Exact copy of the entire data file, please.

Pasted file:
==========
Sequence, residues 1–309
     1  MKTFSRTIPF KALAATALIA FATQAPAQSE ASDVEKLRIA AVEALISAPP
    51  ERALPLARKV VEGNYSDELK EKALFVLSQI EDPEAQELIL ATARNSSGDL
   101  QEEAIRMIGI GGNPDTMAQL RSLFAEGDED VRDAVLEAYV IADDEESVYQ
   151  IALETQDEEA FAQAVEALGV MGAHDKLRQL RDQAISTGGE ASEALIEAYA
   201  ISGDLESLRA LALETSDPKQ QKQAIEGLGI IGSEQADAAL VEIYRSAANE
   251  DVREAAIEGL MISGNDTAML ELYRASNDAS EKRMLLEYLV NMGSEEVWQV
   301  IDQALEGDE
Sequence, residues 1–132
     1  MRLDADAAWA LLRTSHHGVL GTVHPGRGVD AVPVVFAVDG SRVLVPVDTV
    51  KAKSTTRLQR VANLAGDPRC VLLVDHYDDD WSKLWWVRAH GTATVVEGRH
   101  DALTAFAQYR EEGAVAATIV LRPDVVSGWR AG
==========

Sequence, residues 1–309
     1  MKTFSRTIPF KALAATALIA FATQAPAQSE ASDVEKLRIA AVEALISAPP
    51  ERALPLARKV VEGNYSDELK EKALFVLSQI EDPEAQELIL ATARNSSGDL
   101  QEEAIRMIGI GGNPDTMAQL RSLFAEGDED VRDAVLEAYV IADDEESVYQ
   151  IALETQDEEA FAQAVEALGV MGAHDKLRQL RDQAISTGGE ASEALIEAYA
   201  ISGDLESLRA LALETSDPKQ QKQAIEGLGI IGSEQADAAL VEIYRSAANE
   251  DVREAAIEGL MISGNDTAML ELYRASNDAS EKRMLLEYLV NMGSEEVWQV
   301  IDQALEGDE
Sequence, residues 1–132
     1  MRLDADAAWA LLRTSHHGVL GTVHPGRGVD AVPVVFAVDG SRVLVPVDTV
    51  KAKSTTRLQR VANLAGDPRC VLLVDHYDDD WSKLWWVRAH GTATVVEGRH
   101  DALTAFAQYR EEGAVAATIV LRPDVVSGWR AG